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When you were a newborn, I knew you as well as it’s possible to know another human being. I was your everything; you were mine. I knew what each cry, each smile, each grasp intended. I anticipated your spit-up, your hunger, your fatigue.

You grew into infancy, and we remained nearly as intimate: your laughs, your budding motor skills, and your newfound interest in toys were my complete delight. I was there with my camera to document the first time you sat up and played with toys on your own. I knew every single food you had eaten and its level of texture. I saw your first crawl and cheered you on with each movement.

As a 1-year-old, you challenged me in new ways. You were getting into everything but learned to listen to no sooner than expected. I knew your favorite toys, how long you’d watch Sesame Street before losing interest, and when it was time to drop a nap.

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I continued to track your development closely during this year. I knew right away each time a new tooth bud erupted. I tracked your height, your weight, your sleep. You became a big brother before I was ready for you to stop being my baby, but you took on the role with gusto. You fetched diapers, replaced a dropped pacifier, and patted your baby sister with love.

At age two, your defiance often knocked me off my feet, but I learned to enjoy inventing creative solutions to keep the tantrums at bay.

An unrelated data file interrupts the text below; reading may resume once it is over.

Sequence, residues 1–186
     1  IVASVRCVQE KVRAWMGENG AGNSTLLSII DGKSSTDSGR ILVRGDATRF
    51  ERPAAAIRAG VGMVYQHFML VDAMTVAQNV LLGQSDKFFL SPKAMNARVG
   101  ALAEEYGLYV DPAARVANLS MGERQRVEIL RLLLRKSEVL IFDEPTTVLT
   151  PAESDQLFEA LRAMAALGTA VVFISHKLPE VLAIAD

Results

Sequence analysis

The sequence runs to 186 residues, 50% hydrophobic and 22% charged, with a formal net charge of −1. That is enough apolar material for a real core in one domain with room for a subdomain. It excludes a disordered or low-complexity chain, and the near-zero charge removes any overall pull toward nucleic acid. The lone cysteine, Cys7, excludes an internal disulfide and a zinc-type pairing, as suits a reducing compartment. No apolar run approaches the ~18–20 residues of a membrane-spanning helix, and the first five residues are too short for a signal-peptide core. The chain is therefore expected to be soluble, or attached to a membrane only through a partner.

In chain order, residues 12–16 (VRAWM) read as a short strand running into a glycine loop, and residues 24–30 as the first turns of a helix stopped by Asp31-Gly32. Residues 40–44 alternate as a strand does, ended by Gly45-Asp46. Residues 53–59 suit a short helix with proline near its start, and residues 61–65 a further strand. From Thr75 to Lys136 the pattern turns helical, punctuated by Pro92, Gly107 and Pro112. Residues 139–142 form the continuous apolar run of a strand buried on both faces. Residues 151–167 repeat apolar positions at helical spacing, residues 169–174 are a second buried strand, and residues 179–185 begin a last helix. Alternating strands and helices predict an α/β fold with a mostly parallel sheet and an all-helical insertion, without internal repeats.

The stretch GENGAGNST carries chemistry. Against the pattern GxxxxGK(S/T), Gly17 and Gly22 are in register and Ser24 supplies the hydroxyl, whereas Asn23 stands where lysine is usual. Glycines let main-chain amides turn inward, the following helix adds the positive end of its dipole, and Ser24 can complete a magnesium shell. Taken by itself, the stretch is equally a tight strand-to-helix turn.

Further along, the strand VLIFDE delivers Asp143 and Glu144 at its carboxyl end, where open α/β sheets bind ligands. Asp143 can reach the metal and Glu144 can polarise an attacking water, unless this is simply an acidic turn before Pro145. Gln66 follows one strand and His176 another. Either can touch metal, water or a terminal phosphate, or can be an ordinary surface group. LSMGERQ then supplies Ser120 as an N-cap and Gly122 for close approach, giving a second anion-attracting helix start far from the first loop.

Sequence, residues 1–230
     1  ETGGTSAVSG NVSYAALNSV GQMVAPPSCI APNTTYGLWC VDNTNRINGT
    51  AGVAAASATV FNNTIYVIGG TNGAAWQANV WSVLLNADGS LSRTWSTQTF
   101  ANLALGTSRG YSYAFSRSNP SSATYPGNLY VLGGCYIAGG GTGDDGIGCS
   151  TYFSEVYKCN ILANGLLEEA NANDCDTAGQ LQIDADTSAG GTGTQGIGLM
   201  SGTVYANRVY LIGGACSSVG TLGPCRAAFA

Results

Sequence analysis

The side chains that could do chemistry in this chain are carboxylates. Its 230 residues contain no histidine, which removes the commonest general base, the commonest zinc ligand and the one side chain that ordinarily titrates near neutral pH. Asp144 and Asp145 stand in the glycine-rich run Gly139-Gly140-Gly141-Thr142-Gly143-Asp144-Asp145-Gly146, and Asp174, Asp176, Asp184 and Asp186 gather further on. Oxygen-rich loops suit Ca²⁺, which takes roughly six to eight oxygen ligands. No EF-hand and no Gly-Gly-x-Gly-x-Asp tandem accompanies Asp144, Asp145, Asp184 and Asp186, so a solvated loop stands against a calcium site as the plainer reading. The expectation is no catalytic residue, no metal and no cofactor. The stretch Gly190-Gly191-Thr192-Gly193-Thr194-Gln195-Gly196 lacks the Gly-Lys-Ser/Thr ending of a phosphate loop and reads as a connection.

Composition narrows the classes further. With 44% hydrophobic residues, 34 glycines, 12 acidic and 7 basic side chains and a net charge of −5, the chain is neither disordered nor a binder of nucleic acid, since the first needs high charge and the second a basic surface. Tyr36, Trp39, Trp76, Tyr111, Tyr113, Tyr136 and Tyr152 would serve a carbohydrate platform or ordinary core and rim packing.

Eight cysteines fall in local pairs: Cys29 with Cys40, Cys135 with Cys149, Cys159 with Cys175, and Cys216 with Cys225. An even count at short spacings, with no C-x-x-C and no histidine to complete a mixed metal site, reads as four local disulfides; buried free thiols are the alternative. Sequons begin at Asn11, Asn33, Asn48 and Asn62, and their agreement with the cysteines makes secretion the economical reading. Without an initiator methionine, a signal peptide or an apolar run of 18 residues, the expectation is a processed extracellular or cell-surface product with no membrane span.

My desire to love and protect you was as fierce as ever, and your personality emerged more each day.

The park, the pool, and cake were new and awesome discoveries. You loved to play pretend and were awed by the introduction of the iPad.

That year brought big changes: You stopped using a pacifier for sleep, went through potty training, and moved to a toddler bed. I couldn’t believe how well you did and your easy-going personality made me more than proud.

We celebrated your third birthday with ice cream cake, your favorite. You got a new iPad, your most beloved toy, to replace the Mesozoic model you’d been using. I had to work harder to follow your interests (PBS Kids, Nick Jr., trucks, and blocks). You loved daycare and made friends easily. Sibling rivalry came as a shock to me: Who knew it started so young?

You’re three-and-a-half now and seem to be changing faster than ever. It’s the little things that take me by surprise. You never liked macaroni and cheese, but then a couple weeks ago, you started to really like it. What new foods will you want to eat next week?

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You astound me with your language skills each day and the new concepts you suddenly understand. Your book choices are changing, and you ask Daddy to read you different books than you do me.

I knew you yesterday. I know you today.

How can I make sure I will know you tomorrow?

I want to always be close to you, son. However, I am starting to realize it won’t always be easy and won’t come as naturally as it did in the baby and toddler phases. I have to make time for us to be one-on-one. I have to work to stay connected to you a little more.

As you grow older, you’ll rely on your friends more. You won’t come to me for comfort every time you get hurt, or scared, or disappointed. But I hope you’ll still come to me for comfort sometimes. I hope you always trust me. I hope I always understand you. And most of all, I hope you’ll always know how much I love you.

Julia Vorobiev

Julia is a mother of two little ones, a wife, and a teacher. She lives in Pittsburgh.

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